On 25 March 2011, the European Data Protection Supervisor (EDPS) adopted an opinion on a new Commission's proposal to oblige airline carriers to provide EU Member States with personal data on passengers (Passenger Name Record - PNR) entering or departing from the EU for the purpose of fighting serious crime and terrorism. Such data may include, for example, home address, mobile phone number, frequent flyer information, email address and credit card information.
The EDPS acknowledges the data protection improvements brought to the present Proposal, compared to an earlier proposal adopted in 2007, and in particular the efforts to restrict the scope of the Proposal and the conditions for processing PNR data.
The EDPS however recalls that the need to collect or store massive amounts of personal information must rely on a clear demonstration of the relationship between use and result (necessity principle). This is an essential prerequisite for any development of a PNR scheme. In the EDPS' view, the current Proposal and accompanying Impact Assessment fail to demonstrate the necessity and the proportionality of a system involving a large-scale collection of PNR data for the purpose of a systematic assessment of all passengers.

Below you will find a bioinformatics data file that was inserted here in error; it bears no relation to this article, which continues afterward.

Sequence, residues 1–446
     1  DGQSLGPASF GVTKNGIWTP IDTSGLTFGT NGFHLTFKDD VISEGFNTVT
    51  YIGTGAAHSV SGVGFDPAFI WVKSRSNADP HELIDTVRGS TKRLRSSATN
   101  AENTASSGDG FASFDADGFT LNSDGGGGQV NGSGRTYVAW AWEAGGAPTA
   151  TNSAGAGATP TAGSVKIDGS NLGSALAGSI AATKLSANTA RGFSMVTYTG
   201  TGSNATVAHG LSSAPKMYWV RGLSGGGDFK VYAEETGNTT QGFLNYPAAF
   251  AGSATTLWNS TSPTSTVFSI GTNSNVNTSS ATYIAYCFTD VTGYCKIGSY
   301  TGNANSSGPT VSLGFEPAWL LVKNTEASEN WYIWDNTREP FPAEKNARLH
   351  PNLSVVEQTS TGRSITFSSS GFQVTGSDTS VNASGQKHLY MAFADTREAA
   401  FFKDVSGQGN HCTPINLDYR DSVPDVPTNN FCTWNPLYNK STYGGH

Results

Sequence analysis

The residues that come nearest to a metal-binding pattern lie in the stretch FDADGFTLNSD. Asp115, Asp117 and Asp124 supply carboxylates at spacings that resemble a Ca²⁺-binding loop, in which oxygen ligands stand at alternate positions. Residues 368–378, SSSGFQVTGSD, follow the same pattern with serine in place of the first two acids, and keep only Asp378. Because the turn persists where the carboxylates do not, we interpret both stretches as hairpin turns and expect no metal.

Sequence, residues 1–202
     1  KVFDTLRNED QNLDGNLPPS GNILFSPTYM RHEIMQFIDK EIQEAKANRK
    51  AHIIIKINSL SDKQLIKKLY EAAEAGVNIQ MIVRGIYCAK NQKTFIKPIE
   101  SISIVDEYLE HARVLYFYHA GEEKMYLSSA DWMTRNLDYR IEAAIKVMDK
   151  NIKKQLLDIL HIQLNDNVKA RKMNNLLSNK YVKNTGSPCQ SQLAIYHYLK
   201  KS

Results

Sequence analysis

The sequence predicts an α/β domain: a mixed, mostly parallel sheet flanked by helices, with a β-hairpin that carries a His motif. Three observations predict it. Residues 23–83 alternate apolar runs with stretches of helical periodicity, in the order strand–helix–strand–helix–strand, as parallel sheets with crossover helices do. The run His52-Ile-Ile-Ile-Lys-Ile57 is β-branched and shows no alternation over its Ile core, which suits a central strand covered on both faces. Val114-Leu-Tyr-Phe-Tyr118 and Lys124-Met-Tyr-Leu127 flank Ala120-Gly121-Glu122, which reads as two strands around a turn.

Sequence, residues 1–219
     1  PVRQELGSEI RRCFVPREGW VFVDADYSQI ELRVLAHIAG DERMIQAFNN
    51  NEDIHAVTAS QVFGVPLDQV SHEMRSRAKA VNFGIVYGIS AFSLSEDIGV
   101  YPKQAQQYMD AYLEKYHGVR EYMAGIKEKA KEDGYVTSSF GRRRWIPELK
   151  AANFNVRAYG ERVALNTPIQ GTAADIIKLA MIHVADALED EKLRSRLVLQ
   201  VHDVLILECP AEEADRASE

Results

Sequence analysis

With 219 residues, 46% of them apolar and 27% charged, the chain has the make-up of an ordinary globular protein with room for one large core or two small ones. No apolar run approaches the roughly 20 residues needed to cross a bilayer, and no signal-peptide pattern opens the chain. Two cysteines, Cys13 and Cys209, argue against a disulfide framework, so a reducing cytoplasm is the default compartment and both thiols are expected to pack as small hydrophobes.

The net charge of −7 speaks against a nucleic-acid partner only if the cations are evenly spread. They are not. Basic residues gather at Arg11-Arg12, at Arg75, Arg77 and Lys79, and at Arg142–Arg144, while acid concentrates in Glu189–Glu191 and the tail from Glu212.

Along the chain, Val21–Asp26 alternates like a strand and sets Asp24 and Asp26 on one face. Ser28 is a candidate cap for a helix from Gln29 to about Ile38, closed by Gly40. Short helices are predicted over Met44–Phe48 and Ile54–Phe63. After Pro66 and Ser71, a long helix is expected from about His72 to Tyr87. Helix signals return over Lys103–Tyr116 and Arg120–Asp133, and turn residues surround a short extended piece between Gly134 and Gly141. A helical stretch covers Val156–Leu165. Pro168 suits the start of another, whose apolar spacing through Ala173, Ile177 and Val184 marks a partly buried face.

Peter Hustinx, EDPS, says: "Air passengers' personal data could certainly be necessary for law enforcement purposes in targeted cases, when there is a serious threat supported by concrete indicators. It is their use in a systematic and indiscriminate way, with regard to all passengers, which raises specific concerns."
In addition to this major shortcoming of the proposed system, the EDPS recommendations include the following:
(*) Proposal of 2 February 2011 for a Directive of the European Parliament and of the Council on the use of Passenger Name Record data for the prevention, detection, investigation and prosecution of terrorist offences and serious crime (COM(2011) 32 final)